Published in The New York Post on June 3, 2008.
John McCain needs to go on the offensive against Barack Obama over the Iraq war.
Polls tell us that his support for the Iraq invasion is one of voters’ chief problems with McCain. Obama’s chief credential, on the other hand, is his early, consistent opposition to the war.
Even with recent successes in Iraq, the war remains a heavy negative for McCain. But he can turn that around; here’s how.
When it comes to Iraq, Obama is most comfortable living in the past. He wants to endlessly replay the day when he castigated the war as unnecessary and cooked up by White House political types and ideologues. He’s far less comfortable talking about Iraq now, and downright antsy when it comes to discussing the future.
It’s a lot easier to oppose a policy than to figure out how to replace it.
Countless Americans remain deeply pessimistic about Iraq; recent successes get judged in the light of past, false optimism.
But that also means voters have no problem envisioning disaster should we pull out our troops too soon – the possible slaughter of pro-American Iraqis, plus police and government officials; perhaps a takeover by Iran; a comeback by al Qaeda and other terrorist operatives.
The key is to force Obama to face these dangers – and explain what he’d do.
* He could deny the possibilities – and come off as a naive, wishful thinker; most unsuitable in a president.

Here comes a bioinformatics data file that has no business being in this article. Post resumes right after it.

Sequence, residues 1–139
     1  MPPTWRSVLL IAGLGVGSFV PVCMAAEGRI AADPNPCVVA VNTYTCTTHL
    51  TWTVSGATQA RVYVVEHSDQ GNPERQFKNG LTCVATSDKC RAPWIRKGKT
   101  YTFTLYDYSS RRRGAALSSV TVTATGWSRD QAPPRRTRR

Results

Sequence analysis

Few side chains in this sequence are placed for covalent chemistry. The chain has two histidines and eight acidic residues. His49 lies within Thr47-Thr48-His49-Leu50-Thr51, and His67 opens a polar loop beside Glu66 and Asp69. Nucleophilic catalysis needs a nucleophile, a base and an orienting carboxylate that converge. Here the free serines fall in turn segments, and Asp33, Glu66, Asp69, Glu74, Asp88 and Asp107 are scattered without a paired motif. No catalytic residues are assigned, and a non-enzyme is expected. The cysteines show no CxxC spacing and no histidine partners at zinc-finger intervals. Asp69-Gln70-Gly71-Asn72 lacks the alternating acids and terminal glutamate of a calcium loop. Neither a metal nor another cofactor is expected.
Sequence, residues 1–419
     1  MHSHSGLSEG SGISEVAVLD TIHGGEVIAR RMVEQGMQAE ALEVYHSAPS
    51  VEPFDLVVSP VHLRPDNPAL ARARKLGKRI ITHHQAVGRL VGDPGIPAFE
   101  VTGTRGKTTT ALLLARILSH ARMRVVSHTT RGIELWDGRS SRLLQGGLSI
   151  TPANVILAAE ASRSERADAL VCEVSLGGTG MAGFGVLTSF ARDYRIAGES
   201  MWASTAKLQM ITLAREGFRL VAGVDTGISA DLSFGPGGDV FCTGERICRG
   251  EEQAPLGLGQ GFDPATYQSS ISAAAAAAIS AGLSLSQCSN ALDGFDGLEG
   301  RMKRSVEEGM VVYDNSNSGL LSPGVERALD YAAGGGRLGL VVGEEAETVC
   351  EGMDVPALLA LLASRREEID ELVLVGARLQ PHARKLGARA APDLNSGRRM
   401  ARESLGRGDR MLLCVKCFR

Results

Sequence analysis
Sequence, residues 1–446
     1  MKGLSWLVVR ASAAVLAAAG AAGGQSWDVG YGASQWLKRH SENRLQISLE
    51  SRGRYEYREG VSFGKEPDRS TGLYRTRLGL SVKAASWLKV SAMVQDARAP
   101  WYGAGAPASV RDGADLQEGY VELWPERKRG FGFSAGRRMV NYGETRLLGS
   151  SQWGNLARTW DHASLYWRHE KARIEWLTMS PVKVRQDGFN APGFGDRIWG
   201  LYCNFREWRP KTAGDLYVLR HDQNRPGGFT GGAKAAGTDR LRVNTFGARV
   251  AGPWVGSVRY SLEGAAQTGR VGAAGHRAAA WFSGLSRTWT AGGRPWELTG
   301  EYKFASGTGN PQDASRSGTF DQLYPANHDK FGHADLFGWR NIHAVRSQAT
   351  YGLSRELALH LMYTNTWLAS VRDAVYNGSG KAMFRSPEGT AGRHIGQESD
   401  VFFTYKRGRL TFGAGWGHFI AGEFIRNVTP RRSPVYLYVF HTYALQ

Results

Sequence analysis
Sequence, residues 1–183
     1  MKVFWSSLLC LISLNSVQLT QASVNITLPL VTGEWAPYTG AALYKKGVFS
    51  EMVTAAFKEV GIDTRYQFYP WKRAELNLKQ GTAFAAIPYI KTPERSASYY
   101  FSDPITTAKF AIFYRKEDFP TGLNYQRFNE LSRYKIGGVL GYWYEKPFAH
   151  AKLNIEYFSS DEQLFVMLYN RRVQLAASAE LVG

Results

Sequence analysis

* He could waffle – but then McCain would press. If Obama kept it up, voters would see indecision or evasion – evidence he’s in over his his head on foreign policy and national security.
* He could say that he’d use diplomacy to handle the situation – but Americans are rightfully skeptical about the chances for a diplomatic resolution, especially if the United States pulls out its troops.
As Frederick the Great said, “diplomacy without force is like music without instruments.” McCain could always press and ask, “What do you do if diplomacy fails?”
* Which brings us to the inevitable answer he must give: I will go back into Iraq with troops.
But that begs more questions: Would he keep adequate force in the region? If not, it could take six months of convoys to go back in. And isn’t it inevitable that a new invasion would lead to many more casualties than just staying there?
This gambit narrows the real differences between McCain’s and Obama’s Iraq policies. Obama basically has to say that he’d keep our troops in the region. Voters can be excused for not seeing much difference between keeping them in Iraq and in Kuwait – especially when pulling them even back to Kuwait makes their return to Iraq seem almost inevitable.
You can’t run for president looking in the rear-view mirror and reciting what you said six years ago. You have to offer a plan.
McCain has an easily understood position: Stay in and win. As Iraq improves and Obama is forced to admit the possibility – in Americans’ view, almost the inevitability – of ongoing involvement, McCain’s solution will appear as much the better one.